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Making ethical decisions

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By Pr Isaiah White

We live in a world full of ethical dilemmas, yet morals are part of our living. If you are facing a difficult choice and asking yourself what you should do, then you are trying to make an ethical decision. It is about how people treat each other, how they build trustworthy organisations, or create just societies. On a personal level, you may need to decide the right thing to do for an ageing parent; at work, you may be faced with conflicts where you are tempted to put your interests ahead of your clients’; while as a citizen, you often have to vote on initiatives that impact the rights of others. It is, therefore, important that we look at how people come to ethical decisions.

What is an ethical decision?

To me, an ethical decision is when you determine to do or be something based on the moral campus. Ethical decisions influence our social lifestyle and professional life as well. Life is a continuous decision-making process. We are faced with decisions most of the time and what matters is whether the decisions we have made are ethical and the criteria used to come up with them. 

Adam and Eve

In Genesis, God created man and placed humanity in the Garden of Eden where the instructions were clear as far as ‘good’ and ‘evil’ are concerned. They were not supposed to eat the forbidden fruit. The consequence of violating that rule was very clear – death. Unfortunately in Genesis 3, we see the violation of the clear warning that God had given to the first couple. “So when the woman saw that the tree was good for food, that it was pleasant to the eyes, and a tree desirable to make one wise, she took of its fruit and ate. She also gave to her husband with her, and he ate” (Genesis 3:6). Eve used her eyes to make the decision. Her eyes did not communicate to her what was ‘right’, but what was ‘good’. From this, we learn the difference between good and right. We must understand the difference between what is good and what is right. Not everything good is right, and not every right thing is always good.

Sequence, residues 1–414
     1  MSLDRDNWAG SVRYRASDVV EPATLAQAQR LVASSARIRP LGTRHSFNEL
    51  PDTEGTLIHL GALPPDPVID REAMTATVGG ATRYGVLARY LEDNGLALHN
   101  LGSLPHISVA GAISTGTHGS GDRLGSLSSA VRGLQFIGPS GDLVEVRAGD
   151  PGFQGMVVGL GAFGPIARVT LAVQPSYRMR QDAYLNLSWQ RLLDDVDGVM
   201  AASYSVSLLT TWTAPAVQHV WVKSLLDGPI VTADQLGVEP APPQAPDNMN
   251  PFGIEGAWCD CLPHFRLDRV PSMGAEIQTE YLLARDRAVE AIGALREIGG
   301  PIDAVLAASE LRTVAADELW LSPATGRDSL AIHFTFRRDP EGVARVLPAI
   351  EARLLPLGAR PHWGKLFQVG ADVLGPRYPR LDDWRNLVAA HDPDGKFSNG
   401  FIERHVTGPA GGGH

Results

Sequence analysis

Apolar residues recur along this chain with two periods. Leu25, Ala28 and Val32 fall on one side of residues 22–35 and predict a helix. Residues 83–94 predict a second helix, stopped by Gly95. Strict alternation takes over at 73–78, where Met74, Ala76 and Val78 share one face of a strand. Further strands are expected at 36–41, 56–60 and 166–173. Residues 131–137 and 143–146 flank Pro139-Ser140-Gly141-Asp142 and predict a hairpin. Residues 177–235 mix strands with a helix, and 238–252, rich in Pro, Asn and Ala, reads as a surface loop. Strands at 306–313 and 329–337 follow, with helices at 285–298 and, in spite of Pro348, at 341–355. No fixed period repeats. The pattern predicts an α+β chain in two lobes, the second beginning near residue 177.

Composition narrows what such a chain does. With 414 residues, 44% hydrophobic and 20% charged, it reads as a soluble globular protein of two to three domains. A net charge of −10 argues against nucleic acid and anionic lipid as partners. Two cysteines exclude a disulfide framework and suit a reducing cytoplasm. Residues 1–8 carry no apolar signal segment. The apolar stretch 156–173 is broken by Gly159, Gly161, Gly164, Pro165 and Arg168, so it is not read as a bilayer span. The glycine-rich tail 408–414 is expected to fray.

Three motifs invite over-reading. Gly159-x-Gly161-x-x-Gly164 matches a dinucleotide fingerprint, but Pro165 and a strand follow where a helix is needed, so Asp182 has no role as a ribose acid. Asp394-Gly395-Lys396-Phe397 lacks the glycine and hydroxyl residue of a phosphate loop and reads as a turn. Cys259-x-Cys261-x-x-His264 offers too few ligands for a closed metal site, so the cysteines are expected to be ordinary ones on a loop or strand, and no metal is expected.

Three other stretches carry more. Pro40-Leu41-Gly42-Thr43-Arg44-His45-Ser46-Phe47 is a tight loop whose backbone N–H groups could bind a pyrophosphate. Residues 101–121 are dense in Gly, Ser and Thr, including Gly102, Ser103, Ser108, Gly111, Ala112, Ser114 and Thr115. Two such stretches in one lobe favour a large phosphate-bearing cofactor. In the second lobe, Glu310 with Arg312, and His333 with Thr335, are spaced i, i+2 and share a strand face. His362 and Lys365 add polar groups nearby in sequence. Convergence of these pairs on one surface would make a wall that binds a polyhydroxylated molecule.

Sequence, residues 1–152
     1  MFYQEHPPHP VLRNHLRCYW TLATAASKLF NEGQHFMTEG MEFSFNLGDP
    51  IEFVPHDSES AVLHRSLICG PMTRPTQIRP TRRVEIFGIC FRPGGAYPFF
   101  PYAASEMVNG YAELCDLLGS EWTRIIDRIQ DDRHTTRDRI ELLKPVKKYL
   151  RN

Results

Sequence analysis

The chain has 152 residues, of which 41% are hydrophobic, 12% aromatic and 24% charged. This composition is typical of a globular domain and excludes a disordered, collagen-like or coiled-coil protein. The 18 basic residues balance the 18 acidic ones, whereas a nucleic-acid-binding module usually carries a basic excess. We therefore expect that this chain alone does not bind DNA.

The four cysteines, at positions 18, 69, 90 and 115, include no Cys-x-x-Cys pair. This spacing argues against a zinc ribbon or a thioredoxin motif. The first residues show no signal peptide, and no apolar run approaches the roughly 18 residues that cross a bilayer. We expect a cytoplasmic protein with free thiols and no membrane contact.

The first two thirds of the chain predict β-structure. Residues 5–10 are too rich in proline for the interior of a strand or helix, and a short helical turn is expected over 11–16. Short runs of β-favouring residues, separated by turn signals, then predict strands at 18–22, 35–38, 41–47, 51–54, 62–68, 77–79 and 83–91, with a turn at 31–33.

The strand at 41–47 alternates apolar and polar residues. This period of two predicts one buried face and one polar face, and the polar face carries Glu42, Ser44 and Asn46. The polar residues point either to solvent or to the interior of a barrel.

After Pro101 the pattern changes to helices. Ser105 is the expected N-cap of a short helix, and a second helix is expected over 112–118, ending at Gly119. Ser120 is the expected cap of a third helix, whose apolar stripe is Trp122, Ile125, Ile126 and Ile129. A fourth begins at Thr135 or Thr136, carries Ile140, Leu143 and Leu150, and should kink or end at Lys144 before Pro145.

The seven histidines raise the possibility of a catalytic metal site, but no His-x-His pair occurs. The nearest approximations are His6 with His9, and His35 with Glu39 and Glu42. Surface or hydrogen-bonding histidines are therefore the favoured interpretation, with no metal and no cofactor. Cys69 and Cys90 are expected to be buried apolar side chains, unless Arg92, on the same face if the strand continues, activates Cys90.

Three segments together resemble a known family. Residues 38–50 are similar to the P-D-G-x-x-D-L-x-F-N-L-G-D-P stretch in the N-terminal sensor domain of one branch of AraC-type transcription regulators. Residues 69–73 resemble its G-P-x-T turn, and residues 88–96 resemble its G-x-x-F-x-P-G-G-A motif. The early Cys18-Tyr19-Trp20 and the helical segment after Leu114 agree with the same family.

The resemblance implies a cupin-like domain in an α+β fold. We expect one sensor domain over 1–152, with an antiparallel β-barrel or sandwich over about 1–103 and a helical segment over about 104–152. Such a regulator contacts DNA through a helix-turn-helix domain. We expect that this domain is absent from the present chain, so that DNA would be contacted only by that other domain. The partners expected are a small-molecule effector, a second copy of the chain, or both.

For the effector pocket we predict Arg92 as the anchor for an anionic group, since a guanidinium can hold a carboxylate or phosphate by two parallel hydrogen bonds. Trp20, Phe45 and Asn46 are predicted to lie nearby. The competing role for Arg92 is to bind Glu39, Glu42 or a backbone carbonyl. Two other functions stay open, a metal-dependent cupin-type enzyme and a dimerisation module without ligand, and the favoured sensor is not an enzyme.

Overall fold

This is how Eve made her decision, which resulted into sin and degradation, and eventually ruined their relationship with God. Sometimes we consider pleasure and our selfish desires and forget reality. Eve observed that the forbidden fruit was good for food, but did not consider whether it was right or even good for life. This is how most of us make our ethical decisions. We look at how good, pleasant and desirable things are instead of questioning how right they are.

Adam and Eve hide away from God (Illustration/Vince Gerhardy)

Gut feeling

Adam and Eve followed their gut feeling. The emotional feeling problem is when we decide what is ethically right based on how it feels; some people may justify: “It is right because it feels right.” In a society obsessed with the pursuit of pleasure as our own, some people will inevitably believe their emotions should rule their behaviour. We are, indeed, emotional beings but those emotions should not participate in both our moral (right and wrong) and ethical (what ought to be) matters.

Subjecting our determination of what is right or wrong to emotions is dangerous to this world. The danger in this is that while evil and good are organically absolute, the feelings of humanity are relative. This is to say that if it feels good and gives satisfaction for someone to hurt and kill others, then that makes the killing right and ethical as well. I doubt any right-thinking person would agree to this.

Seek God’s help

Making good ethical decisions requires not just training, but also being born-again and the inspiration of the Holy Spirit. We are invited to seek the wisdom and power of God to help us tell the difference between right and wrong and what ought to be ethical.

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